Biotech Creator Cydan Receives Cash Injection for Genetic Disorders

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Cydan, a drug accelerator, has received a $34 million injection as it goes deeper into rare diseases for its second fund. Cydan, which has spun out several biotechs, will be looking to repeat its successes by using the cash boost to seek out preclinical rare disease candidates and then spin out companies with IND- ready programs.

A similar model was seen with Vtesse, Cydan’s first company which launched back in January 2015, which is working on a new therapy for Niemann-Pick disease type C. Vtess was later bought out for $200 million. Cydan’s second company, Imara, was launched last year and is developing IMR-687, a new treatment for sickle cell disease, and plans a phase 2 within the year.

A new investor, Longitude Capital, joins Cydan’s existing investors in participating in the financing: New Enterprise Associates, which led the round, along with Pfizer Venture Investments, Alexandria Venture Investments, and Lundbeckfond ventures. Cydan states that it seeks out, “compelling scientific ideas and promising drug candidates” from across academic, government, biotech and pharma sources, as it eyes finding early-stage gems with as little risk attached as possible. It then matches these to newly created independent companies, and its goal is to kick-start a new stream of science.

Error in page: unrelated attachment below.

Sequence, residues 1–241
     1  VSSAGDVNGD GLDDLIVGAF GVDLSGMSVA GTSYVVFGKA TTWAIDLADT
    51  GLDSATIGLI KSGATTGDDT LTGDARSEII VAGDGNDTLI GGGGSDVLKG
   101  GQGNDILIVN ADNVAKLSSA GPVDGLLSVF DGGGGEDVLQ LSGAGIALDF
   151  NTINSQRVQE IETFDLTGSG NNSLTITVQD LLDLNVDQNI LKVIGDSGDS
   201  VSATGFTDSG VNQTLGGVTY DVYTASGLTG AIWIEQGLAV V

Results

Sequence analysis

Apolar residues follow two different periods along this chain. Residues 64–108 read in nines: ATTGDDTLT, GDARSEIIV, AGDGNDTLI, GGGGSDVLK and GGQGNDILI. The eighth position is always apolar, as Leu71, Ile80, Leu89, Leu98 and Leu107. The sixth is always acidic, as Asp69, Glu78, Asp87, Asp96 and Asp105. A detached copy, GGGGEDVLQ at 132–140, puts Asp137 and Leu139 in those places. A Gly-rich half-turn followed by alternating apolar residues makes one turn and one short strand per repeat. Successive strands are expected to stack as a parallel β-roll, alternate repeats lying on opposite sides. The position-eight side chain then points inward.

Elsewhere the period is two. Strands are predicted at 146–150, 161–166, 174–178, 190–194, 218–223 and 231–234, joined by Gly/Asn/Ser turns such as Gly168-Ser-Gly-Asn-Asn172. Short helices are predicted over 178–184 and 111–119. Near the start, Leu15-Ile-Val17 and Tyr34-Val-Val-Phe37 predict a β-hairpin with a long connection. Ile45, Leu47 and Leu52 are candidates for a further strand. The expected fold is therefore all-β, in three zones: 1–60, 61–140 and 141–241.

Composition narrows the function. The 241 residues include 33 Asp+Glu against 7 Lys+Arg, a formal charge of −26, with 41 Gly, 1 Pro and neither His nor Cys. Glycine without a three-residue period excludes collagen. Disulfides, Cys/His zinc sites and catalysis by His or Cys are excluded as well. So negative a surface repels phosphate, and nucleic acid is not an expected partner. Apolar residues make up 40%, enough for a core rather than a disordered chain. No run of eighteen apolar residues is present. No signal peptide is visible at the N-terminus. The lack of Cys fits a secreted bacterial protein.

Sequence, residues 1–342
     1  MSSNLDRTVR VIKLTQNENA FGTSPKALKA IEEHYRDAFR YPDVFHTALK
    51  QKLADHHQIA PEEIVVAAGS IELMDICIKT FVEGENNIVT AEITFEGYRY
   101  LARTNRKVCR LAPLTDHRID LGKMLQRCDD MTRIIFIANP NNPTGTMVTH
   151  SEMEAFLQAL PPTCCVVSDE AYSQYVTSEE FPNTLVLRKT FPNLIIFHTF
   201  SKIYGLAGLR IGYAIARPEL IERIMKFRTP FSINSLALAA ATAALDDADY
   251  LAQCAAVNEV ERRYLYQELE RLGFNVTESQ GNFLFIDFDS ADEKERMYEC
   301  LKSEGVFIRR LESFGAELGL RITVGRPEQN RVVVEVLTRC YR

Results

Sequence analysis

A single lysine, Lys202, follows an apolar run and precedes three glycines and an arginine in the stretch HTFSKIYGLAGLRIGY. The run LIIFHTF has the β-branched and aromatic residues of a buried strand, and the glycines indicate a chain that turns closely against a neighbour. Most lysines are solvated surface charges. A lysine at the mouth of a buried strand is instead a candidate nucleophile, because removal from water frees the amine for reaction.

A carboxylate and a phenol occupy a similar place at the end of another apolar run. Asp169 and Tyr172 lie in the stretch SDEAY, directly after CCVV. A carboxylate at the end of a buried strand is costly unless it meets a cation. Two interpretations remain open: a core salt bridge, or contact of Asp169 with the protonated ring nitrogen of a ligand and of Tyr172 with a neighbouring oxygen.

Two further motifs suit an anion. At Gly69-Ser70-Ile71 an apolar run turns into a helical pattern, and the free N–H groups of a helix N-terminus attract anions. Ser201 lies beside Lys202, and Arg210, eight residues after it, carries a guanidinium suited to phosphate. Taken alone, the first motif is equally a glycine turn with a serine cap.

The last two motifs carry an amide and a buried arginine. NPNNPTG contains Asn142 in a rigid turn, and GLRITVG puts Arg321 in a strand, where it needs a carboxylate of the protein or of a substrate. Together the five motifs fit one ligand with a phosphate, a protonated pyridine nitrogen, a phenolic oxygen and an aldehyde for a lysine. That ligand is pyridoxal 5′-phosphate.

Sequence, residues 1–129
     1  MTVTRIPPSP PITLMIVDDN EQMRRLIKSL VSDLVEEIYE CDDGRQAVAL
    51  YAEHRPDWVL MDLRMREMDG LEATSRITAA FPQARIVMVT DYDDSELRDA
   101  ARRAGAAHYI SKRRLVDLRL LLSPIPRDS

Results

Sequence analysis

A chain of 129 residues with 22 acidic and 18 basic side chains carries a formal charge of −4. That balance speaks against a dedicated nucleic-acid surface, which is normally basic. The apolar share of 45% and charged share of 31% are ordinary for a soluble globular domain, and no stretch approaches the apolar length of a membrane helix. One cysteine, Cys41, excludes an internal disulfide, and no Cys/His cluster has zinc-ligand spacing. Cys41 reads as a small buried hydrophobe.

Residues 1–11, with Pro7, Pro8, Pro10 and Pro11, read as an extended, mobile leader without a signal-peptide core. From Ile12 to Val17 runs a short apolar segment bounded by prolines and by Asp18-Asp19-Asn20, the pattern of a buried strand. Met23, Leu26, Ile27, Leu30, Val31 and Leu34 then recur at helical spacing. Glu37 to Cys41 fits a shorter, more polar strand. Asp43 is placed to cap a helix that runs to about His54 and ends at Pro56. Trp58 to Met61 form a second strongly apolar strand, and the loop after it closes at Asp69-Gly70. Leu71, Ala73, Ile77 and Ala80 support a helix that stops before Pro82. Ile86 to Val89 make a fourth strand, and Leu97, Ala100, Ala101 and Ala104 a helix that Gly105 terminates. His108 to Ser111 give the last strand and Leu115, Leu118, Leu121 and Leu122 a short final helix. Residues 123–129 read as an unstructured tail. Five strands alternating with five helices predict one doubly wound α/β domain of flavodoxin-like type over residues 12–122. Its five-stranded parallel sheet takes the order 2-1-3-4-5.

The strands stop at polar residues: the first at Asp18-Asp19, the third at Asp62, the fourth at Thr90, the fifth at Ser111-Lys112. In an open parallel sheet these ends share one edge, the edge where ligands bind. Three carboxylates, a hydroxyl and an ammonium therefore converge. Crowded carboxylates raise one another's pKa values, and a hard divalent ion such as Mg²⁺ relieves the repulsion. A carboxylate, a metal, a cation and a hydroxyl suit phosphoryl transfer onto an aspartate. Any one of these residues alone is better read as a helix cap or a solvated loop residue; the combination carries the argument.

A group of Cydan investors will also fund A Financings for any of these new companies to help their teams reach human proof-of-concept. Chris Adams, co-founder and chief of Cydan stated, “Our initial financing enabled us to validate our model, in less than four years, we evaluated numerous diseases and multiple therapeutic approaches to successfully launch two well-funded companies that are quickly advancing promising new treatments for patients in need, This round of financing shows continued confidence by our syndicate that our approach is effective and will extend our operations for another four years, increasing our ability to positively impact outcomes for patients with rare genetic diseases.”

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